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3 of 3 people found the following review helpful
5.0 out of 5 stars excellent, straightforward and extremely helpful advice., 3 May 1999
By A Customer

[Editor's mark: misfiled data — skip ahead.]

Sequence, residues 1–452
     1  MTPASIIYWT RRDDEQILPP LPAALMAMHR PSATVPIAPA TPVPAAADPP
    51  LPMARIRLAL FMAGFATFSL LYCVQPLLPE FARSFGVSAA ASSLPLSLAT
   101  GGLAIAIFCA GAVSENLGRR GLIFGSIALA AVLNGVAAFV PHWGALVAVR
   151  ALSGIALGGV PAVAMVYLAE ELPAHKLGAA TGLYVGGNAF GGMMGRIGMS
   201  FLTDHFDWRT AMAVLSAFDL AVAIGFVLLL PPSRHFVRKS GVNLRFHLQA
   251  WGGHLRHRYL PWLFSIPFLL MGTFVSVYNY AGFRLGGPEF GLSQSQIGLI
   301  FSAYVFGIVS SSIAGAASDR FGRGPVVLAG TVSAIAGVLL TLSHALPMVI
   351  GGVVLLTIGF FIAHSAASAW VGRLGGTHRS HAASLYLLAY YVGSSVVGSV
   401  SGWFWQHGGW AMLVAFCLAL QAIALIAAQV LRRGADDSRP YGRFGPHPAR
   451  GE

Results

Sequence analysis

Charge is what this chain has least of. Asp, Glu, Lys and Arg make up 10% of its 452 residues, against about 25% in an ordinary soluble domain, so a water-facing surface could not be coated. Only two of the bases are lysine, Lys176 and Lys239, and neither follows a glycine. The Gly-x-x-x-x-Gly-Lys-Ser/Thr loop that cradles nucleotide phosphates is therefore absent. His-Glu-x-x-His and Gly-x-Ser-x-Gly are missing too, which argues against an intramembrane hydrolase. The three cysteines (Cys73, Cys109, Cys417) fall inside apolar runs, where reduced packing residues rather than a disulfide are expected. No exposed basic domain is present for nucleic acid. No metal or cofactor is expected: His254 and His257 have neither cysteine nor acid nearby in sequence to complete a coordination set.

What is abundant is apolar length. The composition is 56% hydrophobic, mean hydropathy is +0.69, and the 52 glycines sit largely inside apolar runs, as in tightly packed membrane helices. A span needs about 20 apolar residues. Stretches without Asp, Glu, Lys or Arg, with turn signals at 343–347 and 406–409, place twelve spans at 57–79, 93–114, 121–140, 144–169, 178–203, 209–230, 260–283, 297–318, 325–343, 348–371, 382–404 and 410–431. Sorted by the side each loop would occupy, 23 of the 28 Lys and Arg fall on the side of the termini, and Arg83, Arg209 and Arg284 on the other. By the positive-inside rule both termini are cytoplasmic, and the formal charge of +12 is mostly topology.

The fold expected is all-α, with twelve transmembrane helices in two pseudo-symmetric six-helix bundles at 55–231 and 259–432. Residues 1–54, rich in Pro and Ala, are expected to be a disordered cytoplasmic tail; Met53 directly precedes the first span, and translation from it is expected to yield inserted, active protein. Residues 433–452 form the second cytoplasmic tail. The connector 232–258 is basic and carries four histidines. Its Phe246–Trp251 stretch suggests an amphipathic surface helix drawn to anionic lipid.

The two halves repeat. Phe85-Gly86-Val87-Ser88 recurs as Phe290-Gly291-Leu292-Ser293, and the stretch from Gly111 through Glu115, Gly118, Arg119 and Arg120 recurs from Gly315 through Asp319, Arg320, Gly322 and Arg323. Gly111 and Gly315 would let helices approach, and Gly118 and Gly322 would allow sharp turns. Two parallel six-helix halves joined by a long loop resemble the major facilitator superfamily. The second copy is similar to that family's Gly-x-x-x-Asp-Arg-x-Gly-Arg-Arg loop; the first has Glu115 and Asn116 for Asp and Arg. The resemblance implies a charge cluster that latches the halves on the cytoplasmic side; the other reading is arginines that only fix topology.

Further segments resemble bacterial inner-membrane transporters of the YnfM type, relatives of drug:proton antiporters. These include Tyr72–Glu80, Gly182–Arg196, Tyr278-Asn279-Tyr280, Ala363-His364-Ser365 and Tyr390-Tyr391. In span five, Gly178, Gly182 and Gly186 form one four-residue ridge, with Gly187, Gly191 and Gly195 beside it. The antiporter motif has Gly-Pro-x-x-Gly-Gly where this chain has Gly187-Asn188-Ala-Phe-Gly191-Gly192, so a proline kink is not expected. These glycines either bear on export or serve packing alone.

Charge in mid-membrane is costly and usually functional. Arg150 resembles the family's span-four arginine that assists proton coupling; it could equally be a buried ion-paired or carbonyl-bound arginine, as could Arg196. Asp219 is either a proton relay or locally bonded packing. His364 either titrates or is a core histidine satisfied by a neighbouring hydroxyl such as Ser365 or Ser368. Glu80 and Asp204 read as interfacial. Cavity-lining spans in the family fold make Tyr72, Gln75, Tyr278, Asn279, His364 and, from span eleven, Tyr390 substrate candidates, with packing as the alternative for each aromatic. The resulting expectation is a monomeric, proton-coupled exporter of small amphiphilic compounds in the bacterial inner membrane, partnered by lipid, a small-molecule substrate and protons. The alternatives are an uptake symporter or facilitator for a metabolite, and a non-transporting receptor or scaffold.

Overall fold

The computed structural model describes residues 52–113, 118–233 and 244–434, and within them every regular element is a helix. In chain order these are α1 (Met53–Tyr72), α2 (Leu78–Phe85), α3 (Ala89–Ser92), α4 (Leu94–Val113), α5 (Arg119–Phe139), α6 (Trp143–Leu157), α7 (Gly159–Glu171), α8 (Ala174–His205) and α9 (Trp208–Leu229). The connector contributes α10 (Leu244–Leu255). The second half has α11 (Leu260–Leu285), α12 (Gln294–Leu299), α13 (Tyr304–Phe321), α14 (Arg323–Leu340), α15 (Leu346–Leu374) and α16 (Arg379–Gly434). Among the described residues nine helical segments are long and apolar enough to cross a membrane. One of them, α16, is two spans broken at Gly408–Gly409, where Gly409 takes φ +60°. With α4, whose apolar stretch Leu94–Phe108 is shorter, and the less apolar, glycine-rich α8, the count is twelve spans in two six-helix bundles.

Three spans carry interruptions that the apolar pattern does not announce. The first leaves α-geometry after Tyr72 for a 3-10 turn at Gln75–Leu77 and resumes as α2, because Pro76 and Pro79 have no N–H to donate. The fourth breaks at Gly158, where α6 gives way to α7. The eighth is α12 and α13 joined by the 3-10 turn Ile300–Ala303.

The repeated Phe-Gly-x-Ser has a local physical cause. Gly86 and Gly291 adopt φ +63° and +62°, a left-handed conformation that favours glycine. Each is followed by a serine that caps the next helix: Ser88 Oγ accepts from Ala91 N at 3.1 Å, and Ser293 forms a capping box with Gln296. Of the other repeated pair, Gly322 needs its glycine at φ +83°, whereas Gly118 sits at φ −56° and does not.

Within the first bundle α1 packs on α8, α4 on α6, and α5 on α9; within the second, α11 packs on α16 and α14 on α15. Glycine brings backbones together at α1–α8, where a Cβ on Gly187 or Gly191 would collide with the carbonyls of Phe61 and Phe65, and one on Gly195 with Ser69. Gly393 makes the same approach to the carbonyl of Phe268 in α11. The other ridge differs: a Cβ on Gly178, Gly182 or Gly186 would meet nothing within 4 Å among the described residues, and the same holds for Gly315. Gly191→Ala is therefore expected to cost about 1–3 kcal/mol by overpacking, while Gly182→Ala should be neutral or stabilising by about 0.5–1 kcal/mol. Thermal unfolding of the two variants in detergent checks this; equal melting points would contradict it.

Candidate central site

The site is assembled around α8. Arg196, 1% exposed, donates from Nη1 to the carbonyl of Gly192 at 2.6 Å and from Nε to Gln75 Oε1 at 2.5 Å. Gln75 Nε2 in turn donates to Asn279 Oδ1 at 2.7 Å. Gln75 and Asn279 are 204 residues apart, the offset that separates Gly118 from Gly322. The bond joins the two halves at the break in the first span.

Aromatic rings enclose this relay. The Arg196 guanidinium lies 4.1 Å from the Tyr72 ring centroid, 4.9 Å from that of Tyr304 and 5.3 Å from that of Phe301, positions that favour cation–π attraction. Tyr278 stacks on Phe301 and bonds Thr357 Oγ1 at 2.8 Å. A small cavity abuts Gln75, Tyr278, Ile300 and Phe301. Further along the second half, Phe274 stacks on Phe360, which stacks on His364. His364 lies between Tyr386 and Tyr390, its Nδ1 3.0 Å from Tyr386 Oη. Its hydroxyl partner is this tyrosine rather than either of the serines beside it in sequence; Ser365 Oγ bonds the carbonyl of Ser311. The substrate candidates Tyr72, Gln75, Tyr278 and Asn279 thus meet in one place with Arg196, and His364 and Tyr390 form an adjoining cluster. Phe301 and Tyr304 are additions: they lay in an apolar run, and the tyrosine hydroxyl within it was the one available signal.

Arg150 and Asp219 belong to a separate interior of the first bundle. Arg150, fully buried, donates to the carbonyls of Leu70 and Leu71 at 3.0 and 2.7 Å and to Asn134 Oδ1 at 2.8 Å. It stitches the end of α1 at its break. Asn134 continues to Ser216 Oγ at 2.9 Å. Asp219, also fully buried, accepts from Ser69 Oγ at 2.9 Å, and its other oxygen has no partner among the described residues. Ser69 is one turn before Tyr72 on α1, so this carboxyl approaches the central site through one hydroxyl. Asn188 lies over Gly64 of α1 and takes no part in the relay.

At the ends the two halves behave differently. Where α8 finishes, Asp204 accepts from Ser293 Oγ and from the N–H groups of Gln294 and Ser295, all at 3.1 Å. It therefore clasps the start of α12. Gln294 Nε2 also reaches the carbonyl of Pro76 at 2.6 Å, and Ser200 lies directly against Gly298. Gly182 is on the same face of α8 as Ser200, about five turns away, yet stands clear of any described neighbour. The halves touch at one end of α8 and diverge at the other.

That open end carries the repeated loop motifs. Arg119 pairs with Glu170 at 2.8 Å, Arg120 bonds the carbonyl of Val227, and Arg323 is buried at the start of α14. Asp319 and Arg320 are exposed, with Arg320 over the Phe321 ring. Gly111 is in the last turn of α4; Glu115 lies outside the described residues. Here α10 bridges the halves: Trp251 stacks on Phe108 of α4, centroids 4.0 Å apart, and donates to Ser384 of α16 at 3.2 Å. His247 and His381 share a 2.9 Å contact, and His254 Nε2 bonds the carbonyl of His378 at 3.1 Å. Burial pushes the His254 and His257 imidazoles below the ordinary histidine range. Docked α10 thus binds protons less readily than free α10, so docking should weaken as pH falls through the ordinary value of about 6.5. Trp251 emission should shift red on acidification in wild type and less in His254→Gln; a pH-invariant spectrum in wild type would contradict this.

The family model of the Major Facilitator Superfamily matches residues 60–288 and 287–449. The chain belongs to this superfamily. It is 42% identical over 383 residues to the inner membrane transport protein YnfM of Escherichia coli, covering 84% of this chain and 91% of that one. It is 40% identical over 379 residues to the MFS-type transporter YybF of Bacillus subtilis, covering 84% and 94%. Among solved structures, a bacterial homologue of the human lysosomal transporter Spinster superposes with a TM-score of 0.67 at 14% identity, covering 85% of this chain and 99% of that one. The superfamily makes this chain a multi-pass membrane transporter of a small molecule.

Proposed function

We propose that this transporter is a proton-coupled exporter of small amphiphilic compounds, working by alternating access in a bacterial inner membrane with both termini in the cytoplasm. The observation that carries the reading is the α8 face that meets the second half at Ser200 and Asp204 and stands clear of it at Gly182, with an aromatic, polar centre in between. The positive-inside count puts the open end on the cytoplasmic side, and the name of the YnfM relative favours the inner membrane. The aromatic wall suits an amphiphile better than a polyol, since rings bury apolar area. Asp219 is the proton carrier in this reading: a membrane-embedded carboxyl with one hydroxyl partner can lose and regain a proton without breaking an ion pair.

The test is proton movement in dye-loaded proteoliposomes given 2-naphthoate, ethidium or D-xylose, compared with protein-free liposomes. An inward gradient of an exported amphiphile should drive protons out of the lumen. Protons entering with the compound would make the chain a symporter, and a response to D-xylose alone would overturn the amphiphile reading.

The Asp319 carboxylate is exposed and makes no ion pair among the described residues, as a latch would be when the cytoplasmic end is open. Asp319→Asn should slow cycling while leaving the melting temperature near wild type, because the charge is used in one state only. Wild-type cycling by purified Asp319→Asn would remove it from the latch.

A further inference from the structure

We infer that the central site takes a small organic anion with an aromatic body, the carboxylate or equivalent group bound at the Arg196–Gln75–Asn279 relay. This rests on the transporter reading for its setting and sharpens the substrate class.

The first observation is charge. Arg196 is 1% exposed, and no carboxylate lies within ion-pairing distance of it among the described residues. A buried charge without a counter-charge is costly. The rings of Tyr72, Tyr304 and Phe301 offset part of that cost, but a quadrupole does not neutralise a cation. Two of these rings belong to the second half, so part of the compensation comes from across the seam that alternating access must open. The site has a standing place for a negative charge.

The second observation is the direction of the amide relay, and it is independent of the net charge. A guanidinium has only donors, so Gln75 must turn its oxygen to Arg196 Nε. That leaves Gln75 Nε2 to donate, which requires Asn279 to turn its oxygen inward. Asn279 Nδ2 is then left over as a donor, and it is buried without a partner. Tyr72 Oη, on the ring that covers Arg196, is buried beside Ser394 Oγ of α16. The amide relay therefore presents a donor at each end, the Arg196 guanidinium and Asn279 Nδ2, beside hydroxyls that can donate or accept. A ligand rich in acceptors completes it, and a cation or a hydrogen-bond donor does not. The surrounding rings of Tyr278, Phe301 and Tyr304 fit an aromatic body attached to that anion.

I recently had the privilege of attending a lecture by John Rosemond in Simsbury, Connecticut. His humor and ability to cut right to the heart of teen problems captivated the audience and I walked out with my own signed copy of his latest book, Teenproofing. The beauty of the book is that it contains nothing revolutionary or new, just old fashioned, common sense practices that have been abandoned by most "psychobabble" parenting gurus of today. Clearly outlining the basic points of his theories into clever "c" words such as curfew, cash, car, child's choice of cohorts, conflict and consequences. Rosemond skillfully and humorously walks us through most of the common challenges parents and teenagers face. Above all, Rosemond encourages parents to "PIIP" (Put it in perspective) and reminds us that caring, well-intentioned parents just need a road map to get through their child's teen years. (Amen to that!) In the PIIP (Putting it in perspective) introduction of his book, Rosemond outlines three facts: 1. You are a responsible parent! 2. Your teen can do something really bad and still turn out okay! 3. You are not the only force in your child's life. 4. You can do the right thing, and things may still go wrong. He labels parents either "Micromanagers" or "Macromanagers" and gives valuable examples and strategies to help parents become macromanagers to their teens, thus fostering respect, learning and responsibility. Rosemond teaches parents to calmly establish clear consistent expectations and tangible consequences for misbehavior and to follow through. Sounds simple, doesn't it? An extremely helpful insight is that consequences do not need to follow immediately after the misbehavior to be effective. In fact, says Rosemond, it is beneficial to wait for a "strategic opportunity" to punish the child. This strategic opportunity punishes the child for something that may have happened hours and even days before. The fact remains that eventually, all children have to ask their parents for something: money, a ride, permission to go somewhere, etc. At this point, they are all sweetness and smiles and that is when you can strategically get the point across that their misbehavior has resulted in a consequence that they don't like and will likely learn from. His story about his daughter Amy not vacuuming the house is priceless and really hammers home the value of this important principle. I especially enjoyed the concept of the "Checkmate Move". In his book, Rosemond addresses most of the concerns and questions and frustrations parents face in raising teenagers. The final section of the book is devoted strictly to a question-answer forum where almost every conceivable dilemma is mentioned. With straightforward humor and insight, Rosemond cuts to the heart and core of the issue and doles out suggestions and advice, all designed to empower the parent in becoming a positive mentor to guide their teenager into becoming a responsible adult. Although I don't agree with some of Rosemond's casual advice regarding teenage smoking and drinking, most of his advice is beneficial and insightful. The beauty of John Rosemond's theories is their simplicity. As the parent of four children, two of who are teenagers, I have tried his methods and they work. This book is a must read for anyone with children!